Daily life10,000years ago
Like any Irish village, it was a place full of people with stories and lives touched by a common history and heritage. When electricity arrived in the 1930s, all of its inhabitants were moved and the village was one of many submerged by the new reservoir at Poulaphouca.
Aidan O’Sullivan grew up in Valleymount, a West Wicklow village not far from one of these sunken places. For Aidan as a boy, it was as if he lived in world with a hidden landscape, where old cottages were buried under water and the boundaries of old fields could be identified. It was a partial window to the past, just about hidden from view, but waiting to be discovered.
These days, Professor O’Sullivan isn’t just peering through windows to the past; now he’s leading us there, by creating doorways back to it. At the UCD centre for Experimental Archaeology at Belfield campus, Professor O’Sullivan is working with students to recreate early medieval dwellings that give us a real insight into what life was like thousands of years ago.
Professor O’Sullivan began lecturing in UCD in 2000 and has become a globally significant figure in the filed of Experimental Archaeology, which he explains, “investigates the past in the present by building structures, using tools and making things”.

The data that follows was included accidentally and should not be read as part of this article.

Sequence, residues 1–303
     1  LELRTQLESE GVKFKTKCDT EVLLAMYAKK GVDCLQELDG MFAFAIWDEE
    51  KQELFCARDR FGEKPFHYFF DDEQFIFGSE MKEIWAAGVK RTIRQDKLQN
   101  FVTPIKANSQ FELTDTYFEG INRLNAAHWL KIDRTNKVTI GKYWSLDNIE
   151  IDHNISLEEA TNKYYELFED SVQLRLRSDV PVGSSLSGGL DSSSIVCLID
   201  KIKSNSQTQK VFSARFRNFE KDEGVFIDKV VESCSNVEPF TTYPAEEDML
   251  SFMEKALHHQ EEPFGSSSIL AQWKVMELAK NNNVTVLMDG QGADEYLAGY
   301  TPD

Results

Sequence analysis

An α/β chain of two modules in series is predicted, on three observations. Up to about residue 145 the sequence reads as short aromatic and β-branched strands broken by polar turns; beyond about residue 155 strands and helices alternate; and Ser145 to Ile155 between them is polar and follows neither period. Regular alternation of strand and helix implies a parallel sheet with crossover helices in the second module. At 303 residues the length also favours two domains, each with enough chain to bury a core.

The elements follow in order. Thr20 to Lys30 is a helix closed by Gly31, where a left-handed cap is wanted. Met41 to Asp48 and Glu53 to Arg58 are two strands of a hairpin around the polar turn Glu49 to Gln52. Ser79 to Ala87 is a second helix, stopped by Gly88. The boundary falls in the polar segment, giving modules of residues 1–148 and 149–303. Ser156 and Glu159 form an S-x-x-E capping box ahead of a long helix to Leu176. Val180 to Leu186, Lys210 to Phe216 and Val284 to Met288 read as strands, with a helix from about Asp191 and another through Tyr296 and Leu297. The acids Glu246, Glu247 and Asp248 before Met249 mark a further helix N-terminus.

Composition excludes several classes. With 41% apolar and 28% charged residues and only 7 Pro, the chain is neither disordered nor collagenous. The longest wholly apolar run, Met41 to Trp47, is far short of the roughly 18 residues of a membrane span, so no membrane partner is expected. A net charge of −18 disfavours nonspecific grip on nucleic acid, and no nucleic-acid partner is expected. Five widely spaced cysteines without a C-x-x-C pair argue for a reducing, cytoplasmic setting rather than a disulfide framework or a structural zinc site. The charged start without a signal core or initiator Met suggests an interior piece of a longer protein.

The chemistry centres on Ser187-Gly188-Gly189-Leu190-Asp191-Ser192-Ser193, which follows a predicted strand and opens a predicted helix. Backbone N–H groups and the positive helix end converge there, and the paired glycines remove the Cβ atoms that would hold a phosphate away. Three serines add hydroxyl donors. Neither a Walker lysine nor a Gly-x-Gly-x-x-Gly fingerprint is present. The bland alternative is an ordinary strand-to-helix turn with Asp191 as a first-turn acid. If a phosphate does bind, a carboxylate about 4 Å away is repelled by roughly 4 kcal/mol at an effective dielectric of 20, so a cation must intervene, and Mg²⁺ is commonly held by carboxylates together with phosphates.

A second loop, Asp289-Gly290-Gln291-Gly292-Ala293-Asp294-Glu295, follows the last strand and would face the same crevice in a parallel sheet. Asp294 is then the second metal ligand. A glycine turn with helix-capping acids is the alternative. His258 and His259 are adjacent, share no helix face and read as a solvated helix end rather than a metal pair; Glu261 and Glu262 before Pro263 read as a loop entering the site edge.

Like any Irish village, it was a place full of people with stories and lives touched by a common history and heritage.
“Archaeology has often focused on landscape and environment, which are also major research interests of mine. But material culture, or the discipline of things, is a huge part of what archaeology is. How we cut our hair, the phone and books we use, how we dress: these are artefacts for the archaeologists of the future”.
Instead of speculating about how people lived, Experimental Archaeology takes information from excavations and recreates their homes, their tools, their clothes and their lives, using only materials and tools that were available in that period.
UCD is the only university in the world with such a centre.
One of the earliest Experimental Archaeology projects at the centre involved the recreation of a Mesolithic hunter-gatherer house from 10,000 years ago, which was reconstructed by Dr Graeme Warren, based on archaeological evidence from several excavations in Britain and Ireland.
For the past decade, O’Sullivan has worked on the Early Medieval Archaeology Project (EMAP), an all-island mapping of the early medieval settlements, burial grounds and industrial sites throughout the island of Ireland.
“This data is transforming how we understand early medieval society. We’ve gained a much stronger sense of how people lived together as households and small communities”.
Archaeology, according to Professor O’Sullivan, is a form of time travel. “When we go back to the past, they do things differently. We gain a sense of the diversity of the human condition. We see ways of exploring societies, such as Viking war bands, that are now gone. We see the changes across time and learn that the world is always in flux”.